In the corner code logic, a high value of Enb keeps the logic under reset. After triggering, the slow clock counter (a 4-bit counter would be appropriate for this example) increments on every cycle of the level-shifted timing signal until the counter reaches 10. A hold signal is then sent to the fast clock counter (an 8-bit counter would be appropriate for this example), which is synchronized with the slow clock counter. The 8-bit counter increments on every fast clock count (each cycle of a 100 MHz clock signal in this example) as long as the hold signal is low. When the hold signal goes high, indicating a 10-count period from the slow clock counter, the fast clock counter stops advancing. The value of the fast clock counter is then the desired output, as described above. Another measurement can be taken by toggling the Enb signal. The above description can be represented in equation form:
total elapse time to set the hold signal=clock period (ns)×10
total elapse time when the fast counter stops=output code×10 ns
therefore,
output code=clock period (in ns)
In this case, the output code matches the clock generator signal period in ns.

The clock frequency of the fast clock does not need to be 100 MHz. A lower frequency can be used as long as the period is an integer in ns. For example, a 50 MHz clock could be used; in this case, the slow clock counter would need to accumulate up to 20 before asserting the hold signal (i.e., the above-provided equation would still apply).

By employing temperature compensation in a process corner estimation circuit as discussed above, the temperature spreading of the output period within a process corner can be tuned (by adjusting the resistor 206) to an acceptable narrow range. As can be seen from the simulation results provided in FIG. 9, the separation of output period from “slow” to “typical” process corner is about 60 ns; the separation for “typical” to “fast” is about 50 ns. Thus, the present invention provides sufficient margin for estimating process corner information. Also, it should be noted that this process corner clock period characteristic can be obtained from simulation (as shown in FIG. 9) or from silicon characterization before-hand.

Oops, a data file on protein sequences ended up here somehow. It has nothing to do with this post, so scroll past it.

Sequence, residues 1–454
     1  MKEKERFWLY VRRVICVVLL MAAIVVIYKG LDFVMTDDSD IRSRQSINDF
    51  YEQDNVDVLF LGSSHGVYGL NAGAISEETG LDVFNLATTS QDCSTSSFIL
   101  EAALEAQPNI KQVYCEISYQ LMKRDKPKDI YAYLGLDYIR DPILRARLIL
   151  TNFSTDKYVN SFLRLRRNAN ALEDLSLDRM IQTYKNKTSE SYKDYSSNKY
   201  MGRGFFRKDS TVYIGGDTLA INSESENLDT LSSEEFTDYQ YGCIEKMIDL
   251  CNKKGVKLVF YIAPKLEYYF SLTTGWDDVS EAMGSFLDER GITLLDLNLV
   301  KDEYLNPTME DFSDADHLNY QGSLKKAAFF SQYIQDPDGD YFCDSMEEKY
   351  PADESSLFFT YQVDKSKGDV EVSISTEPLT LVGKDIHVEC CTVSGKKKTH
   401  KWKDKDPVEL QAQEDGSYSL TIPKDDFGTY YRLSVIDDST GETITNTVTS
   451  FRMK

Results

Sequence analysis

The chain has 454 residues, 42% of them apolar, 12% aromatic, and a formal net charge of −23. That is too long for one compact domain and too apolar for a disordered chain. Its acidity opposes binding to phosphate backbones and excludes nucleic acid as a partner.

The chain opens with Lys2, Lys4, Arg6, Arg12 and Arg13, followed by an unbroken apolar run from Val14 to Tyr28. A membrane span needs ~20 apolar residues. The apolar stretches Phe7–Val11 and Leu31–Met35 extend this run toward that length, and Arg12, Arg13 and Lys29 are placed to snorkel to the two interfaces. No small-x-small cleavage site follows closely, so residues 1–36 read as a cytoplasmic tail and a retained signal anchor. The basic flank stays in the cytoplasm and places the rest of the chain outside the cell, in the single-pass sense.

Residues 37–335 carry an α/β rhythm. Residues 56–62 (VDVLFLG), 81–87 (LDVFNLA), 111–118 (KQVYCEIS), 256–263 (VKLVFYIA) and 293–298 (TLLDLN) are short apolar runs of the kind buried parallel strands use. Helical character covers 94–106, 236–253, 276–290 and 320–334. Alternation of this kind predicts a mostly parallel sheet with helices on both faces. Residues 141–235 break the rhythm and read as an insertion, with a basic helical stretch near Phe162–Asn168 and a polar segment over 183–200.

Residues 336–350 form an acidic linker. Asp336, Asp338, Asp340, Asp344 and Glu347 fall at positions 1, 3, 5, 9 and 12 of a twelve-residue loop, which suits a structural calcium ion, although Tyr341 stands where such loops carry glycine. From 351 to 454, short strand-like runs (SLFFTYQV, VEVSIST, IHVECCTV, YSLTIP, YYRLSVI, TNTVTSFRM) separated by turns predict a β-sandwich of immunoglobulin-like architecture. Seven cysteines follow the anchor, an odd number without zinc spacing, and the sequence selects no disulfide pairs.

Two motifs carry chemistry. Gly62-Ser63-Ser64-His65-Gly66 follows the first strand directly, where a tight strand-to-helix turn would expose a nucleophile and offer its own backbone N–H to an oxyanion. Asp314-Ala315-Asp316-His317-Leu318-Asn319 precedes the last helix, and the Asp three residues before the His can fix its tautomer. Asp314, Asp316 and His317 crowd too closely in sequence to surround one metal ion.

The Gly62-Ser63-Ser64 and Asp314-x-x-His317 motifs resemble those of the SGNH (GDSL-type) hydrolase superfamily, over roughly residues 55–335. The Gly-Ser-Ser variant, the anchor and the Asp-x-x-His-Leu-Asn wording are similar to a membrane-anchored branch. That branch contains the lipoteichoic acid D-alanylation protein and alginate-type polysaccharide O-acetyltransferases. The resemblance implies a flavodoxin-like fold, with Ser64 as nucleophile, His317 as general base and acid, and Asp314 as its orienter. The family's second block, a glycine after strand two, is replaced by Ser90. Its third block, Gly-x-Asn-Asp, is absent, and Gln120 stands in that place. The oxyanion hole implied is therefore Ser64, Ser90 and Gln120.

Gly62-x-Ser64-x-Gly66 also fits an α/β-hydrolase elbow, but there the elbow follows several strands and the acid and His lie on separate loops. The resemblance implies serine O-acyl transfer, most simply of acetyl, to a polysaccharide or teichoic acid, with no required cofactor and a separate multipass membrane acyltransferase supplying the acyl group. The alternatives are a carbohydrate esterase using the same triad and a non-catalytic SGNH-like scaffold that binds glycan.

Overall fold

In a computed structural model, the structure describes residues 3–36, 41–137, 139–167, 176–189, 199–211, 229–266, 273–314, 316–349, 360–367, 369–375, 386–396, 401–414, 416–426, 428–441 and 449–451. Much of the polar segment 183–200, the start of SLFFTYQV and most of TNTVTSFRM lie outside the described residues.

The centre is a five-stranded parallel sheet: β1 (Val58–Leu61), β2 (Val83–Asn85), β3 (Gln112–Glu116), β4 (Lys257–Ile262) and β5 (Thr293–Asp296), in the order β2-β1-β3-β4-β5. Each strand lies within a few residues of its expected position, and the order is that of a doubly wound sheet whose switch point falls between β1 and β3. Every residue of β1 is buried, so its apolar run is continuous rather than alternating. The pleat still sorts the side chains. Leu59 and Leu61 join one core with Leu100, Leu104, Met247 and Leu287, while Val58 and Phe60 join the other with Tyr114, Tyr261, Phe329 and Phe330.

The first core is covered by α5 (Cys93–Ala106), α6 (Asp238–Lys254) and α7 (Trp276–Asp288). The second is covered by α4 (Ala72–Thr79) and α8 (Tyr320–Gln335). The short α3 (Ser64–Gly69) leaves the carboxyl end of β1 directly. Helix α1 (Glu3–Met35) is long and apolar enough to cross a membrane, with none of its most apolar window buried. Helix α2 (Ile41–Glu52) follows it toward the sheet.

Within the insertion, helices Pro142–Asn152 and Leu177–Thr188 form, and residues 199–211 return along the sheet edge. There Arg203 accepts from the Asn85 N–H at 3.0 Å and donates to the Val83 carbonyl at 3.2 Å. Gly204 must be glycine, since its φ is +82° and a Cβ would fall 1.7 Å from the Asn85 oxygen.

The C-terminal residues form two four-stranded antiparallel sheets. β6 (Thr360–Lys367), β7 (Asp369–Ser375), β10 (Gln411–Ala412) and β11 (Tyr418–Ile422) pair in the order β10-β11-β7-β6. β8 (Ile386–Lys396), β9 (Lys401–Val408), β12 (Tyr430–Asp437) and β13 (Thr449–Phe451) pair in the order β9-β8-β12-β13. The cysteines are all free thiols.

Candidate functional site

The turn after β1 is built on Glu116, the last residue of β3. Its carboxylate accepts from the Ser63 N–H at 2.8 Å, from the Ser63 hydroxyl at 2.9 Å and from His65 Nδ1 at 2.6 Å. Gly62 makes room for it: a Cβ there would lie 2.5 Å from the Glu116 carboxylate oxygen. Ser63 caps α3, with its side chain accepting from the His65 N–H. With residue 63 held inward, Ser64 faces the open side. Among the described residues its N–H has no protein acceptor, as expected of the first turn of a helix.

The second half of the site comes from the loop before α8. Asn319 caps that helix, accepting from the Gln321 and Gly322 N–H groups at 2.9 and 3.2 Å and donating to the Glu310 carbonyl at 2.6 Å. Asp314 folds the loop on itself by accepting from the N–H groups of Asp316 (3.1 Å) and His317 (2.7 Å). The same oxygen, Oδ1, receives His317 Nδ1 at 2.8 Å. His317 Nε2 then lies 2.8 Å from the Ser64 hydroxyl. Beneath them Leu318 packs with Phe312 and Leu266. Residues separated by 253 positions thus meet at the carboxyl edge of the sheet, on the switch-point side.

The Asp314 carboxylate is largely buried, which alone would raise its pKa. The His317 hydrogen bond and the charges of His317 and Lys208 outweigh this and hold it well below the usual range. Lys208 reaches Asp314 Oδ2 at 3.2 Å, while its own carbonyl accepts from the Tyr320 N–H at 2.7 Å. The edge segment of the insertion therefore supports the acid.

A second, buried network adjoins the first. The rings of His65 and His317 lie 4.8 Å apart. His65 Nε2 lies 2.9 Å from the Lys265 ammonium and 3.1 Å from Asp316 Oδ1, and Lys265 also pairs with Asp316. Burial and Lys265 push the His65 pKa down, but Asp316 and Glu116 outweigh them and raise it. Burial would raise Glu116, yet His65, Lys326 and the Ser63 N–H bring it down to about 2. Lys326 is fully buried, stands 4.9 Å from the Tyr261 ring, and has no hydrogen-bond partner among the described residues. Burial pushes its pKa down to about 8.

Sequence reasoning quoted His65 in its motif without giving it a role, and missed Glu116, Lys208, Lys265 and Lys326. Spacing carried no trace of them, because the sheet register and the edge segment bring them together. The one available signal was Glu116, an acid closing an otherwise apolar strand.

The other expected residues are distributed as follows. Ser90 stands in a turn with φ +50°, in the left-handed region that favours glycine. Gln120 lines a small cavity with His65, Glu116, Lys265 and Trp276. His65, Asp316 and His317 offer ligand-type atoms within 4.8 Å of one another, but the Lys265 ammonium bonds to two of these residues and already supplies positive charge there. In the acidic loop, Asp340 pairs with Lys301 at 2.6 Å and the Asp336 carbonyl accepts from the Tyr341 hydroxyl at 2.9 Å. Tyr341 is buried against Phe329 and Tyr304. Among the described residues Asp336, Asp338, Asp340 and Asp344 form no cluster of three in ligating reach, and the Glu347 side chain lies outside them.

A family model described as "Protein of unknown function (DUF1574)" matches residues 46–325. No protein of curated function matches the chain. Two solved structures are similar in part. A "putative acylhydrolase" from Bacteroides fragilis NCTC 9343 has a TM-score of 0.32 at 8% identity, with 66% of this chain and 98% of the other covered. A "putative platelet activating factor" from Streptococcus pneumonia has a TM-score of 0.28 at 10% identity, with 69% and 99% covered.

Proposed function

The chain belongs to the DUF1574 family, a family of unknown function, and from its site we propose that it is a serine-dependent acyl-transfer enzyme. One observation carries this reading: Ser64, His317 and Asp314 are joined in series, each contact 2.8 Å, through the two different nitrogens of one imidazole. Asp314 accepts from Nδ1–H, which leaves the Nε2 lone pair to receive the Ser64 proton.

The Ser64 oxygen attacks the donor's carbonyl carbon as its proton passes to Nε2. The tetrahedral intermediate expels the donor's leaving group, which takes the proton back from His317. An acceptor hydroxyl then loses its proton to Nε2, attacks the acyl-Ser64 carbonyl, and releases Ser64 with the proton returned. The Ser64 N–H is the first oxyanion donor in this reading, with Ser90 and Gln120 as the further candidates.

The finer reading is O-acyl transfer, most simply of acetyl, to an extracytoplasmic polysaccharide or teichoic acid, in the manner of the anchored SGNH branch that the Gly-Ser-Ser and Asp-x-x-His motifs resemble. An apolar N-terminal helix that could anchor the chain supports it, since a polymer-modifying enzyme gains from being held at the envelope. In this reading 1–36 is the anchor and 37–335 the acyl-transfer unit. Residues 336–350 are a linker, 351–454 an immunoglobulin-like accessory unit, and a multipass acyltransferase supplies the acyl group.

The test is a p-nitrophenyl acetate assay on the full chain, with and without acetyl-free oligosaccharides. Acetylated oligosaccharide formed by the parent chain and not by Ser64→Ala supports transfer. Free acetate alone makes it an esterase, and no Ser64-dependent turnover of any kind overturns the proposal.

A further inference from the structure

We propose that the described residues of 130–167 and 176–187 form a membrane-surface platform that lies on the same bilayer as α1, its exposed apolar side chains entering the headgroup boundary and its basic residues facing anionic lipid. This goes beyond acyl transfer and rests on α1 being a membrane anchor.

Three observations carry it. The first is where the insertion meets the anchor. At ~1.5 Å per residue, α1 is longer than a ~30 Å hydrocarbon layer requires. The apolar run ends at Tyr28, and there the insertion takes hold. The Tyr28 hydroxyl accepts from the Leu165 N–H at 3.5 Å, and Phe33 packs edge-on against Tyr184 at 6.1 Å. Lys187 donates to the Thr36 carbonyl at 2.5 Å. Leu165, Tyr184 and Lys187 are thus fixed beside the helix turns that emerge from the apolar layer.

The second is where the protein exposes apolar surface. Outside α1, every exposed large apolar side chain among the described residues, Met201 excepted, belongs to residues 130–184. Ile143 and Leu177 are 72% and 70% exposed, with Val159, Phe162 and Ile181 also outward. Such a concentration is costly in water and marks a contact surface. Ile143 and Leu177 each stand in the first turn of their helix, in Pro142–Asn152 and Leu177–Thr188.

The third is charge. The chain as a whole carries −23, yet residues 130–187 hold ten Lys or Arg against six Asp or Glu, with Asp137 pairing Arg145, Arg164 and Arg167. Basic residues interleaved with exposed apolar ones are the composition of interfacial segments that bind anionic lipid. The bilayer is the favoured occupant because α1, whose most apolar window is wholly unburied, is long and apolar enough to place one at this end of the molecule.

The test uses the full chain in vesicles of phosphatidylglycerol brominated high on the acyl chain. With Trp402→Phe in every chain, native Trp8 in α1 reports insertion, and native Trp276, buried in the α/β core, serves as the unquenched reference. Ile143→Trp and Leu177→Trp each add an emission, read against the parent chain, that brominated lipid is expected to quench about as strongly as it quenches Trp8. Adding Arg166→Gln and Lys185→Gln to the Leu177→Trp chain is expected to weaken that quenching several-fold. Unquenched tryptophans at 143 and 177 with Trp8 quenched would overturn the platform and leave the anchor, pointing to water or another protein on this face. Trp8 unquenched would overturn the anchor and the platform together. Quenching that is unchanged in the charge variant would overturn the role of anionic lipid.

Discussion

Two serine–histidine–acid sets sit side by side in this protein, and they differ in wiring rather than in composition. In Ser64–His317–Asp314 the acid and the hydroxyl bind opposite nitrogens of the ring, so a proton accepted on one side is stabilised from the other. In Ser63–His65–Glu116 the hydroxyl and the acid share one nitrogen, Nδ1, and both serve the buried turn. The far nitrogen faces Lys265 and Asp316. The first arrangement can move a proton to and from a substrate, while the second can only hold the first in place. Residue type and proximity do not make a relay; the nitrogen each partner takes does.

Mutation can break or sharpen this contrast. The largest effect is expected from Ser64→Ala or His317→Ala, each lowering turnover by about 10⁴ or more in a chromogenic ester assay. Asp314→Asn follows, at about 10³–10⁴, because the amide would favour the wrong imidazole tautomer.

In the earlier, above-cited application Ser. No. 11/272,928, since the temperature during normal chip operation may not be known, the corner estimate circuit disclosed therein would be invoked once during test and the clock output result stored in a non-volatile memory. This result can then be retrieved during normal chip operation and compared with the process corner clock period characteristics to determine where in the process distribution the silicon of this particular chip lies. With the temperature compensated corner estimation circuit of the present invention, there is no requirement for any storage element in the circuit. Whenever the process information is needed, the corner estimation circuit is triggered into operation; the result can then be compared to the pre-characterization data to get the process information.

It should be recognized that a number of variations of the above-identified embodiments will be obvious to one of ordinary skill in the art in view of the foregoing description. Accordingly, the invention is not to be limited by those specific embodiments and methods of the present invention shown and described herein. Rather, the scope of the invention is to be defined by the following claims and their equivalents.

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Classifications
U.S. Classification716/136, 323/274, 327/513
International ClassificationG06F17/50, H01L35/00, G05F1/00
Cooperative ClassificationG06F17/5036, G06F2217/84
European ClassificationG06F17/50C4
Legal Events
DateCodeEventDescription
Oct 2, 2006ASAssignment
Owner name: NATIONAL SEMICONDUCTOR CORPORATION, CALIFORNIA
Free format text: ASSIGNMENT OF ASSIGNORS INTEREST;ASSIGNOR:CHAN, WAI CHEONG;REEL/FRAME:018349/0110
Effective date: 20060927
Mar 18, 2013FPAYFee payment
Year of fee payment: 4